Stage 3 – British double
17 August 2019
Mauriac (CANTAL) – To be particularly splendid, the roads of the Dordogne, the Corrèze and then the bumps of the Cantal have put the peloton of the Tour de l’Avenir to the test, although it is far from having seen everything in terms of difficulties by the end in Savoie, via the Massif Central!
In fact, it was a first peloton of no more than twenty riders that showed up on the beautiful finish ramp in Mauriac, where Great Britain scored the double with its sprinter Ethan Hayter and the young prodigy Thomas Pidcock, who shines both in cyclo-cross and on the cobbles of Paris – Roubaix where he won in the junior category, and which we are curious to see soon in the high mountains.
Beyond the dry result of this stage of contact with the rugged terrain, the yellow jersey has changed owners. The Danish Mathias Jörgensen, leader since the first day in Marmande but who gave up on the last climb (as did the Swiss Bissegger, his runner-up), is succeeded by another Nordic, the Norwegian Tobias Foss, 22 years old, a well referenced value, who signed a contract at the World Tour level with the Jumbo-Wisma team. Tobias Foss, who benefited from Norway’s good performance in the team time trial (2nd), presents himself as a candidate in the overall ranking, since his two previous experiences on the Tour de l’Avenir resulted in two “top 10” (7th in 2017, 9th in 2018).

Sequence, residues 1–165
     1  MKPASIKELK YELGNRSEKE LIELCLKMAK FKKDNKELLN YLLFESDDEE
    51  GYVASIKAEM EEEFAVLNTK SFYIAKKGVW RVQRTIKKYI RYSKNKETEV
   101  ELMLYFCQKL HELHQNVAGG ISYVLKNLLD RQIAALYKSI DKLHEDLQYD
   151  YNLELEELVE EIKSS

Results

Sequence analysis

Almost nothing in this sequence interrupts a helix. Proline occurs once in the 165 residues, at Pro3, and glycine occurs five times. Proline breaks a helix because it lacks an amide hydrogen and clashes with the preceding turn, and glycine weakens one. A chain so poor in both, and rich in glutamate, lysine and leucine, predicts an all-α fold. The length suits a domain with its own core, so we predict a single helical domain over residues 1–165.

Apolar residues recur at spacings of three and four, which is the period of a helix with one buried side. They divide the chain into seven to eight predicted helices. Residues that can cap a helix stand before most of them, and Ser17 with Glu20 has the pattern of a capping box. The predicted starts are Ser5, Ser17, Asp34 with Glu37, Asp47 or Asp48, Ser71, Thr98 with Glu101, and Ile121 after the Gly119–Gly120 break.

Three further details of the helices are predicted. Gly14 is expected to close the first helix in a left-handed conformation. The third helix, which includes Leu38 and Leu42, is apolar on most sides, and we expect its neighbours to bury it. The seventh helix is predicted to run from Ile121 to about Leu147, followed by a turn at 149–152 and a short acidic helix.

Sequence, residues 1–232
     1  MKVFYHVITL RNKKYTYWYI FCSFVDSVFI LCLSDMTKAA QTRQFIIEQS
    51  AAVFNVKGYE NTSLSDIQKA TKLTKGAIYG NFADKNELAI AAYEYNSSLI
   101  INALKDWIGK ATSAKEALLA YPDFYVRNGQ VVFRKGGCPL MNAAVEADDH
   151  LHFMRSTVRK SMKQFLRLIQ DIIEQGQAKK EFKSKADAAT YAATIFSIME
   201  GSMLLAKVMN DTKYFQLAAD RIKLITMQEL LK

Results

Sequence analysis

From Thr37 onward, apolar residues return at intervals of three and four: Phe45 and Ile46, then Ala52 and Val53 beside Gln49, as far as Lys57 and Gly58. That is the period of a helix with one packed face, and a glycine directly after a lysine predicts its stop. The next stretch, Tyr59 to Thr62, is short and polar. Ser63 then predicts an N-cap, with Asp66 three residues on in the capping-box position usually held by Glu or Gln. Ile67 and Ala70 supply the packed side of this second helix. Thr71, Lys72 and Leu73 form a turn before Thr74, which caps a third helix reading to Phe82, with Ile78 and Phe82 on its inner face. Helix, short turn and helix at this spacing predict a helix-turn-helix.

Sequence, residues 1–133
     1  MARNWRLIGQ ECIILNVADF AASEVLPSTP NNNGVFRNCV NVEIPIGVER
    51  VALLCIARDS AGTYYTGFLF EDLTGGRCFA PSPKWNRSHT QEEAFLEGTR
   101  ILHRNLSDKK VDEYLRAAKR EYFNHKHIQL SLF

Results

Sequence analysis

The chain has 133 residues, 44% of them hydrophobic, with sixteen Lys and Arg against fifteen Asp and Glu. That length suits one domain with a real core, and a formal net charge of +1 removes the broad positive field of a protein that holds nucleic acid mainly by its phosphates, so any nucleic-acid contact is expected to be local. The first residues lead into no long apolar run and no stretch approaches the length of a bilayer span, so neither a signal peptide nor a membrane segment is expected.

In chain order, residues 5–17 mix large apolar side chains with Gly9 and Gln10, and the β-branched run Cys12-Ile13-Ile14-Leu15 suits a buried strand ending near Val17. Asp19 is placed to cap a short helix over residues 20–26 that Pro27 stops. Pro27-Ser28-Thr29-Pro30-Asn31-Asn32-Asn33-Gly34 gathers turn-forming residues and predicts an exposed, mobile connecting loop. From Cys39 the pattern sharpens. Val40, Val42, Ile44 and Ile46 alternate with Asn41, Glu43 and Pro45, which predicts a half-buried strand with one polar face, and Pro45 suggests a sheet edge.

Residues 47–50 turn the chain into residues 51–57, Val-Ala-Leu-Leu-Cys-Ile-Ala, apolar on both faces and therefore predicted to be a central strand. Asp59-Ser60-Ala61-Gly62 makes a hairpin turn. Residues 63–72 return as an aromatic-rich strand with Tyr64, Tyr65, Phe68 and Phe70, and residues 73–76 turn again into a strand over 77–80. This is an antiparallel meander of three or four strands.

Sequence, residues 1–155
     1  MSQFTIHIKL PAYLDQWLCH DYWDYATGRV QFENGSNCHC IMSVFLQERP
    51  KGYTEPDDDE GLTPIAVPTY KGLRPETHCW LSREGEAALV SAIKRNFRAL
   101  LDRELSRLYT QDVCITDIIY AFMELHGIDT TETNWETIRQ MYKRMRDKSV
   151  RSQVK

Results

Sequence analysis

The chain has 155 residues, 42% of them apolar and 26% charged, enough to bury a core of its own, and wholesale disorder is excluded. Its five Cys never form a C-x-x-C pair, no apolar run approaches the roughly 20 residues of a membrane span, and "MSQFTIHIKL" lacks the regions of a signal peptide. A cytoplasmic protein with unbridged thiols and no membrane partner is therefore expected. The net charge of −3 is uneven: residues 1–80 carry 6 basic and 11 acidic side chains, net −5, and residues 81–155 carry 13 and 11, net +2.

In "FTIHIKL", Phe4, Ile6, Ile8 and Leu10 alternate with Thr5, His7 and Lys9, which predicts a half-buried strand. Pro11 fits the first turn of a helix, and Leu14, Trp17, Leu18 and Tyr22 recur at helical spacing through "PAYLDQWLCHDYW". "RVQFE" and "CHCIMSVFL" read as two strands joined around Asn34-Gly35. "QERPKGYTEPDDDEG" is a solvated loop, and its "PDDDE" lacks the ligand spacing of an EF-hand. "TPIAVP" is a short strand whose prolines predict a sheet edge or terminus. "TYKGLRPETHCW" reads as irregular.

The breakaway of the day, which had formed after the first hour of racing, initially composed of Belgian Reynders, British Balfour, German Märkl and the regional team from Auvergne-Rhône-Alpes Acosta, had suffered the return of a counter-attack group before being definitively absorbed on the last climb where the Spaniard Lazkano was the last to insist at the end of this tough day. Nevertheless, Thomas Acosta (Auvergne-Rhône-Alpes) did not miss the opportunity to accumulate enough points to take on the polka dot jersey for the best climber.
The 4th stage, held this Sunday between Mauriac (Cantal) and Espalion (Aveyron) over 158 km, still has a positive altitude difference of 2300 metres but also offers an easier final that could give sprinters a chance.